A $500,000 pesticide subsidy aimed at combating the coffee berry borer has made it through a final round of negotiations and is scheduled today for a final vote in the state Legislature.
House Bill 1514 met with its fair share of obstacles this session, said state Rep. Nicole E. Lowen, D-Kailua-Kona, who introduced the bill. The measure made it through conference committee on Friday, although it admittedly took a few lumps along the way.
“Because it was not as good a year, financially, as we had hoped, and because we were asking for appropriations, it certainly made it more challenging,” she said. “I was really pleased that this bill made it through conference. We did have to scale it back from the initial bill I submitted, which was for $3 million.”
The bill would appropriate $0.5 million in funding for a subsidy program to help coffee growers offset the cost of purchasing pesticides containing Beauveria bassiana, a naturally occurring fungus known to kill the coffee berry borer, an invasive pest which has decimated crops in Kona and recently spread to farms in East Hawaii.
In testimony provided in January to legislators in support of Lowen’s bill, Chris Manfredi, president of the Hawaii Farm Bureau Federation and organizer of the Ka‘u Coffee Festival, said the insect has had a profound impact on Hawaii businesses.
“Coffee is one of Hawaii’s signature crops; one that helps bring fame and tourists to Hawaii,” he said. “Coffee berry borer threatens the entire Hawaiian coffee industry. While the full tally is yet to be made, farms on Hawaii Island have experienced deep losses. Some have failed. Moreover, large quantities of coffee have been downgraded due to insect damage, reducing the value of the remaining crop.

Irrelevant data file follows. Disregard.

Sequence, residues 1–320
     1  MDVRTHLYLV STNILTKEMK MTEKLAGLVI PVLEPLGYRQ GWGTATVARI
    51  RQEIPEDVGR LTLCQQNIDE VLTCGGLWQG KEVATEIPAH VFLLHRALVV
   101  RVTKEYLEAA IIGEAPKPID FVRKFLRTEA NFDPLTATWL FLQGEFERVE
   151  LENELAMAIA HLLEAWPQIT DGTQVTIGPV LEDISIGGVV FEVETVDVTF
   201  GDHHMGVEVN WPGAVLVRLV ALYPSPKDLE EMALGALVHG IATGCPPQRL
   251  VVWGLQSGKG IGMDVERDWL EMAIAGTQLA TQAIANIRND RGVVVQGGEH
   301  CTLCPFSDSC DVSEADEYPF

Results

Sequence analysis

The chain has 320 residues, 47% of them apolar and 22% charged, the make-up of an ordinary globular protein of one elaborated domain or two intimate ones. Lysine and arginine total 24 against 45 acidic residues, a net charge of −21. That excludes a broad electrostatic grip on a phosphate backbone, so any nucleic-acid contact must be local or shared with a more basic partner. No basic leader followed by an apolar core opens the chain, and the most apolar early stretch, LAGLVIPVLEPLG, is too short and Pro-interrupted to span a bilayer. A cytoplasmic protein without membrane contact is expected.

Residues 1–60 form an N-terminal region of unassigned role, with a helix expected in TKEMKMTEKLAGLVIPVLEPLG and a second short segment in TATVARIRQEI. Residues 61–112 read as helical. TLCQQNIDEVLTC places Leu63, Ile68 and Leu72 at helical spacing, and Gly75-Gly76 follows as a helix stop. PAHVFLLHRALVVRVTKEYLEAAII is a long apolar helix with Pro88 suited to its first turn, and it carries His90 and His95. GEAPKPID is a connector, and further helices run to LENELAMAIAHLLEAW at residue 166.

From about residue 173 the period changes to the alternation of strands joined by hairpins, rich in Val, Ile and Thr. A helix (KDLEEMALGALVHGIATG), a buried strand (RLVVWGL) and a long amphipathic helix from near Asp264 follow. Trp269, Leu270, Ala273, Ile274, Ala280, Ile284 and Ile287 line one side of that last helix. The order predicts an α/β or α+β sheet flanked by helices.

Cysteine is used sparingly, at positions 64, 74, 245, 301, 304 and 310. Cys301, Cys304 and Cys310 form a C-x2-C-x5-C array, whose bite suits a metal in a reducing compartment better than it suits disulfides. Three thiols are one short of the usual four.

“CBB is a serious threat to Hawaii’s agriculture industry and the state’s economy. While CBB is battled worldwide, no other coffee growing region shares Hawaii’s high labor costs and restrictions on pesticides that may be used elsewhere to fight this destructive pest. This places the industry at a competitive disadvantage when compared to the rest of the coffee-growing world.”
According to the bill, research has shown that subsidizing the cost of pesticides is “an effective and necessary incentive to encourage farmers to adopt recommended pest management strategies.”
Since the borer was first spotted in Kona in 2010, state entomologists have warned that farmers would have to tackle the pest head-on, because of its propensity to spread. Experts have said that it’s too late to attempt eradication of the insects, but by following a strict regimen, coffee berry borer populations can be controlled to minimize their impact on crops.
However, in areas like Kona, where many small coffee farms are located within close proximity to each other, even those growers who follow best practices in dealing with the pest can find their crops being reinfested by the bugs spreading from neighboring crops whose owners may not be maintaining them as diligently. Control of the pest, therefore, relies largely on all growers in a given area following the control measures, including use of pesticides, which can be especially expensive for small family farms, Lowen said.
Despite the dire warnings, it’s been tough to get the state to provide funding to combat the pest, she added.
“I worked really closely with farmers and the Department of Agriculture in coming up with this bill to work together to find a solution,” Lowen said. “There’s always sort of this dynamic of the neighbor islands pleading to Oahu to take our problems seriously, and it’s been an uphill battle conveying this issue.”
Set to expire in 2019, the program would empower the Department of Agriculture to disburse funds on an annual basis to coffee growers for up to 75 percent of the costs incurred for the purchase of pesticide before July 1, 2016, and for up to 50 percent of the costs incurred after June 30, 2016, and before July 1, 2019. The idea, Lowen said, is to encourage coffee growers to take up use of the pesticide as part of their coffee berry borer control program.
“It’s not a silver bullet, but I think it’s a step in the right direction,” she said.
Email Colin M. Stewart at firstname.lastname@example.org.